Right here, right now

October 20, 2012

Are you new here? If so, my warmest welcome! This post is a great distillation of what I believe about trust. And if you want a free e-book about a core, trust tending move, click here.

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Deep in our chests

October 9, 2012

Here’s what I’ve come to believe:

Buried deep in each of our chests is a question that our whole lives get lived around. We ask it in the way that we live, in the things that we notice (or don’t), in the feelings that get triggered in countless situations, countless times each day.

And there’s an answer we’re looking for. An answer we want desperately much to be true.

There’s also an answer we’re afraid will be true – the reverse of the answer we hope for – whose arrival we vigilantly watch for.

Not lovable, we watch for it to say.
Love doesn’t win.
There’s nothing bigger holding us.
You’re way too [silly, tender, serious, much].
You, specifically, are frustratingly flawed.

And here’s the most important thing, the thing that shoots right to the heart of trust and to the barriers that keep us constantly distanced from it:

We’re waiting to get the right answer to our question before we’ll open, deeply, to trust.

We’re waiting for the answer that will say, in effect, “Yes, Dear One. Life is worth trusting.”

I want to suggest something in response to this that’s more radical than you’ll likely hear all day. A spin-your-world-a-whole-new-direction (or at least it has mine) idea.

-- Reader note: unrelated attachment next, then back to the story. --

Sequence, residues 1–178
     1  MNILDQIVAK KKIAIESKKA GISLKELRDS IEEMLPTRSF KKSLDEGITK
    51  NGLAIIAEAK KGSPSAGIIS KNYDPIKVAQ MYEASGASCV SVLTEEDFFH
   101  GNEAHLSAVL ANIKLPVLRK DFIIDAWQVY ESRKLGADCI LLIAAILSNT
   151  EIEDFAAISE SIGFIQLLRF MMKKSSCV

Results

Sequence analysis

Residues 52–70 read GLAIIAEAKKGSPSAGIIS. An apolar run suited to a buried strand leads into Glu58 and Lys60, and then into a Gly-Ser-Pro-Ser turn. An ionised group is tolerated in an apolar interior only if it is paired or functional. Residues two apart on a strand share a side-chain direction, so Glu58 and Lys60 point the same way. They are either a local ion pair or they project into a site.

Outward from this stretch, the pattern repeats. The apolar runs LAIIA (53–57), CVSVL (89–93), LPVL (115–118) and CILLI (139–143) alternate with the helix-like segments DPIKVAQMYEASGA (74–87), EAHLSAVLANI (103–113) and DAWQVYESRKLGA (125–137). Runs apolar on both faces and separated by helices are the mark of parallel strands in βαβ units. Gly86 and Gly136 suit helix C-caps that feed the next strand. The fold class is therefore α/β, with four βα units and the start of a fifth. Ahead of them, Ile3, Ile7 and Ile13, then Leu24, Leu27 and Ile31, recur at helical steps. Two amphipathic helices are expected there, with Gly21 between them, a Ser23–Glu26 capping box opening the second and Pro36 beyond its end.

Which is this:

Your biggest, most fundamental, life-orienting question? You don’t have to answer it before deciding, whole-heartedly, that trust is your Way.

You don’t have to know if you’re loved or loveable.
You don’t have to know if God exists.
You don’t have to know if you’ll ever heal from that stuff that happened to you.
Or if you’ll find your true love.
Or if true love exists.
Or if you’ll ever be a parent.
Or if your dearest ones will die too soon.
Or whether you’ll have a chance to mend that core relationship.

You don’t have to know.

You don’t have to know.

Because here is how I see it.

Your alternatives are these:

1. You can live as though, in some fundamental way, all is truly well, and your task is to learn to lean into that truth ever more fully. To soften and open into the possibility that even the most awful things you’ve known, and the most awful fears you can imagine coming true, can be woven into a story of hope and healing and waking up to something GOOD.